Singapore’s two speed crypto ecosystem

February 12, 2024

Singapore is undoubtedly one of the power houses of crypto, alongside New York, Hong Kong and London.  It has top-tier capital, talent, and infrastructure.  But how crypto-friendly is it?  Lets take a look at some of the indicators.

In the centralised exchange segment, Singapore leads the way with 22 headquartered exchanges in the territory. Hong Kong and the US are tied second with 14.  Yet only seven of those 22 are incorporated in Singapore.  Why?

Well, licenses from the local regulator,  the Monetary Authority of Singapore (MAS), are hard to come by.  MAS has received almost 600 applications for payment services licenses from crypto businesses since 2020, and it has issued only five full licenses.

Singapore based; Off-Shore Registered

Other jurisdictions provide light-touch, crypto friendly frameworks which make it easier to obtain operating licenses.  That's why nine of the largest Singapore exchanges are domiciled offshore, with five of those incorporated in the Seychelles.  In fact, 20 of the top 130 exchanges are domiciled in the Seychelles. This includes BitMEX, KuCoin, Huobi Global, and OKX, among others.

Hoptrail data indicates that in total 42 of the top 130 exchanges are domiciled offshore.  That increases to 51 if we include Luxembourg, Liechtenstein, Malta and Gibraltar.  This does prompt a separate discussion about regulatory strength - how should we assess a license obtained in the Bahamas versus one in Singapore?  But that is a debate for another time.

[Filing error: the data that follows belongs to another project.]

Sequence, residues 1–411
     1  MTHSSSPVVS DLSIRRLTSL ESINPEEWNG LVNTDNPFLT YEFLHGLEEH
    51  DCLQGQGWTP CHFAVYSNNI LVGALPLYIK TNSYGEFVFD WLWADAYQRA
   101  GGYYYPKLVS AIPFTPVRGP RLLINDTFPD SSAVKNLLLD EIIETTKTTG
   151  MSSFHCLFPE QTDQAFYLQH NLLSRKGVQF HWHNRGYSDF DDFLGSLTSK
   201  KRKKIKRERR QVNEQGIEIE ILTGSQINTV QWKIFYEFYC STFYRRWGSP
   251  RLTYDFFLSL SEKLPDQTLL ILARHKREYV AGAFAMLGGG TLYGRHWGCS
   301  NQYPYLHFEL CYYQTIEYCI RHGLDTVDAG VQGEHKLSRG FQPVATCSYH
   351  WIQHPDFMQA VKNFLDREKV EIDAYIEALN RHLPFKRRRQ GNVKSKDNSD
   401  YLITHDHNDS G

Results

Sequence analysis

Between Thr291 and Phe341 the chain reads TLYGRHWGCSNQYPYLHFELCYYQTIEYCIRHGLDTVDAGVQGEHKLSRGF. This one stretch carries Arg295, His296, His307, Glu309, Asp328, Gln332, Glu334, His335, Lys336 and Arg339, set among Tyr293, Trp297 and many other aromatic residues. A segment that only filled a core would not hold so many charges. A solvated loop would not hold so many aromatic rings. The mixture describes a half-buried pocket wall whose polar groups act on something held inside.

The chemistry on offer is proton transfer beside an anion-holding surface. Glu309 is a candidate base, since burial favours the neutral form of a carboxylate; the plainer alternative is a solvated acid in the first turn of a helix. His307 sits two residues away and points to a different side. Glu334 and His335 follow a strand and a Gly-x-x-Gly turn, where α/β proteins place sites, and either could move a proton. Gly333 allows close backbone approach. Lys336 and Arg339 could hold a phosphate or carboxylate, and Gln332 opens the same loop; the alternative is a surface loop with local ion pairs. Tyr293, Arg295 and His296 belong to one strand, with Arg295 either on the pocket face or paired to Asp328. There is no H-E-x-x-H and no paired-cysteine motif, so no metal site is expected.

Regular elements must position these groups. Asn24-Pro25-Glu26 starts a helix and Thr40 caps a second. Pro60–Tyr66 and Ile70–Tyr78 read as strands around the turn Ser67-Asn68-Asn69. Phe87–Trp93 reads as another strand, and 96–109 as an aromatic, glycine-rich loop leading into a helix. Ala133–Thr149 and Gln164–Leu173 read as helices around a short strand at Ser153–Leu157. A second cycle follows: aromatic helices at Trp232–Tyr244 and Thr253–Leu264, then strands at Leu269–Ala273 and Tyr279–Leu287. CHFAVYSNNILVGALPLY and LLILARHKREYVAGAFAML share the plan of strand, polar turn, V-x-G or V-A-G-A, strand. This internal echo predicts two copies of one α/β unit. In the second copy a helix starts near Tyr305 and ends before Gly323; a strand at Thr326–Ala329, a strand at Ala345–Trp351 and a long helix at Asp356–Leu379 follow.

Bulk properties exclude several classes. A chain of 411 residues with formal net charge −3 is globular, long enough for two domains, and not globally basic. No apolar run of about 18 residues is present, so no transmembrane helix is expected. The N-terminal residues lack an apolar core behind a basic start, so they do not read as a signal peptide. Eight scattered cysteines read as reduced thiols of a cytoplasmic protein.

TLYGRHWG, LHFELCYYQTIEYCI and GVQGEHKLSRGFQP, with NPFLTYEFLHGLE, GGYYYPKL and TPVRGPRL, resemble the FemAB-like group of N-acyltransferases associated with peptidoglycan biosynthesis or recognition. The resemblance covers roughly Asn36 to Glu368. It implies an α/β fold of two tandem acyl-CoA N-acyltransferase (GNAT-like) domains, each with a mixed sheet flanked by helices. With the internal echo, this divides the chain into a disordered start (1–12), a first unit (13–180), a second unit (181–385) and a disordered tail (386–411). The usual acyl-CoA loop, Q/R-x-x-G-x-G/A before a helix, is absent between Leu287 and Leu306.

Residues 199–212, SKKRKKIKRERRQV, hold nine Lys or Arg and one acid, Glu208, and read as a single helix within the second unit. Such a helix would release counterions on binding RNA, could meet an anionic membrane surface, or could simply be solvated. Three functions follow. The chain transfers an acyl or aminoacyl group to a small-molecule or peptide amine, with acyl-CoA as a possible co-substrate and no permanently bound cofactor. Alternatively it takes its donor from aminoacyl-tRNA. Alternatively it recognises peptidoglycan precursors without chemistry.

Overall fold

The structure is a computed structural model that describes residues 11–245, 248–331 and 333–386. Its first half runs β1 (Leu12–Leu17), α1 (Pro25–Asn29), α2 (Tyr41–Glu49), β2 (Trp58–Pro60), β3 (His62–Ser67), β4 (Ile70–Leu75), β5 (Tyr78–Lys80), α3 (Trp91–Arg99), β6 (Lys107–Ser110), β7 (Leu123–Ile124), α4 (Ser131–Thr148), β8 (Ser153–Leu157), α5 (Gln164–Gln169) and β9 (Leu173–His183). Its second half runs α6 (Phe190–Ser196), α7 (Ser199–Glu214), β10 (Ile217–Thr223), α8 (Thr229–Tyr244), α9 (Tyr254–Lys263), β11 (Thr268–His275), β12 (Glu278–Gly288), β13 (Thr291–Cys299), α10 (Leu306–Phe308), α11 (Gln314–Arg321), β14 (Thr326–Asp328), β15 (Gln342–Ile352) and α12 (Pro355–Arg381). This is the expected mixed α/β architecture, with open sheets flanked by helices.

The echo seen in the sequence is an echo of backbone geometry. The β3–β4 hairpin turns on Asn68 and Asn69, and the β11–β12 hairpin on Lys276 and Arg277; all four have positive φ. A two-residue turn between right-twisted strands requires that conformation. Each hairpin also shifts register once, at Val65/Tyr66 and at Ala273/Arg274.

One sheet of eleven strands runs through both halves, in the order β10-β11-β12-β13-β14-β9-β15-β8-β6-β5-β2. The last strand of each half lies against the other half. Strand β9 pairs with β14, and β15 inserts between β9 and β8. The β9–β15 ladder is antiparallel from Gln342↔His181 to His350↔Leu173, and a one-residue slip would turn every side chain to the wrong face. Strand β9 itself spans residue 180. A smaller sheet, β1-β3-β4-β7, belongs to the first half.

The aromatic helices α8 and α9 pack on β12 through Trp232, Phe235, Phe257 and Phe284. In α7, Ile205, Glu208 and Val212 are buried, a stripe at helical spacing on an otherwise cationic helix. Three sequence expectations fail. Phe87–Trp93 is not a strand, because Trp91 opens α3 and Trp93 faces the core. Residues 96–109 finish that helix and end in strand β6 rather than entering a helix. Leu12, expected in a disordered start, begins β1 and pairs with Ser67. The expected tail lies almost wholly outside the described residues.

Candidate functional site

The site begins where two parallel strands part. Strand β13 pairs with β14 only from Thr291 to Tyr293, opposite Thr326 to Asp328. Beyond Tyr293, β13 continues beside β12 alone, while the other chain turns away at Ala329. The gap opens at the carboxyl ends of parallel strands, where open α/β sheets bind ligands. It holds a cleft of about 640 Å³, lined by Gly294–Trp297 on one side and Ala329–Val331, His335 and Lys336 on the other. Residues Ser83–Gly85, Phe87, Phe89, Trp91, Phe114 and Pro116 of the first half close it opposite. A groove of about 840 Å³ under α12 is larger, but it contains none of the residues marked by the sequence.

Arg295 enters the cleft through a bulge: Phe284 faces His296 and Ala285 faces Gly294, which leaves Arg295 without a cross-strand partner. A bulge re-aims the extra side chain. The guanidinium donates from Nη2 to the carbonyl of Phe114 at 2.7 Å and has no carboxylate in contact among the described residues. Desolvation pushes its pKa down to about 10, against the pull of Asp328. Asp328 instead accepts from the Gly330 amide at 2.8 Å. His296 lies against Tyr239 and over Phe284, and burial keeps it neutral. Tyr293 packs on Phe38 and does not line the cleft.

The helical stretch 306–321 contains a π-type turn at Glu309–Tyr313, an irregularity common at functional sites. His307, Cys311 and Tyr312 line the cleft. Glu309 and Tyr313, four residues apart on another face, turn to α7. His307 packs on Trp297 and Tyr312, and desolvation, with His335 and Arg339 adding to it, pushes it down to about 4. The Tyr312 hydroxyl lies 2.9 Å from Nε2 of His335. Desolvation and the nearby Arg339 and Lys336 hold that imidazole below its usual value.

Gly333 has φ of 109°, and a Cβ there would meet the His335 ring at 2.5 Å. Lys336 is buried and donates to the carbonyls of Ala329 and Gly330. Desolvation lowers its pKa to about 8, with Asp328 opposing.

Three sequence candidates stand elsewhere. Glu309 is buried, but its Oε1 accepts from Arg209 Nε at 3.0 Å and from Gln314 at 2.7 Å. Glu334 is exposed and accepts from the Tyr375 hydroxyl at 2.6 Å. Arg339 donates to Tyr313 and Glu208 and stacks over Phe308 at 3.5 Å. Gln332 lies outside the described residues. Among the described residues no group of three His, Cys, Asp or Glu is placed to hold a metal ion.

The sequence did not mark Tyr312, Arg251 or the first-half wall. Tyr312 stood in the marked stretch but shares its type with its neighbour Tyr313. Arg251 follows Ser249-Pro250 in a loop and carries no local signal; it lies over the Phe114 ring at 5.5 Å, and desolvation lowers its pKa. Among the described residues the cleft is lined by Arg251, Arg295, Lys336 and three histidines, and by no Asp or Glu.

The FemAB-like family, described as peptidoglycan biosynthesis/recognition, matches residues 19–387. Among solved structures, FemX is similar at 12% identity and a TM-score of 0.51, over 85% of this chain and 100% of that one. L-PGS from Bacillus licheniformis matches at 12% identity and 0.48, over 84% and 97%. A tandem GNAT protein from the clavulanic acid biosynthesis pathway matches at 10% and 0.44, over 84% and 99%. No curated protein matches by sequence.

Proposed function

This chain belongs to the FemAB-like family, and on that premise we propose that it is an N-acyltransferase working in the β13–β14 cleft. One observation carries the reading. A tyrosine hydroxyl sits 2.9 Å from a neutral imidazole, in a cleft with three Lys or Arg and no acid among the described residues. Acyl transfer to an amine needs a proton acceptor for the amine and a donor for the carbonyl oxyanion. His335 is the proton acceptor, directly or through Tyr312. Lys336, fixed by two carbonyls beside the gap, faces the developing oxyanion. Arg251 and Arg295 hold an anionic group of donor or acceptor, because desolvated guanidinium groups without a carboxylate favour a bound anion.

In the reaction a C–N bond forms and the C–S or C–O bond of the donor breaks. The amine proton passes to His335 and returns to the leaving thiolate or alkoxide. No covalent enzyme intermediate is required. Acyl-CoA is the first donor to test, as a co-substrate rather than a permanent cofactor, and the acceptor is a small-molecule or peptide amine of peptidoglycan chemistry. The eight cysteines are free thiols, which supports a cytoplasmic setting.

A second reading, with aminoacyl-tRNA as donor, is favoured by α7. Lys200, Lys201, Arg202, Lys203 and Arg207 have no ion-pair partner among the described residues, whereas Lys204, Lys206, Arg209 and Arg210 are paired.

Currently nine VASPs hold exemptions from MAS to operate as crypto service providers.  Of the five holding a Digital Payment Token (DPT) License, only two of these are exchanges: CoinHako and Australia-based Independent Reserve.

Two Speed System Creating AML Divergence

This data suggests two things: (1) that the licensing process is slow and lengthy, and (2) there is a two-speed system in play for exchanges: they headquarter there to access capital and talent, but domicile off-shore to avoid oversight.  

This makes it much harder to assess regulatory robustness.  It has also driven a divergence in AML adherence.  For example, CoinHako is among the best scoring exchanges in Risktrail due to its recent licensing win (placing 13th), but Seychelles-registered KuCoin has notable deficiencies, not least optional KYC and privacy token trading.  It scores far lower down the list at 108th.

This is unique.  Of course, this will evolve over time as MAS works through its backlog.  But for now, some of the world’s best regulated exchanges are up against those without any licenses at all.  


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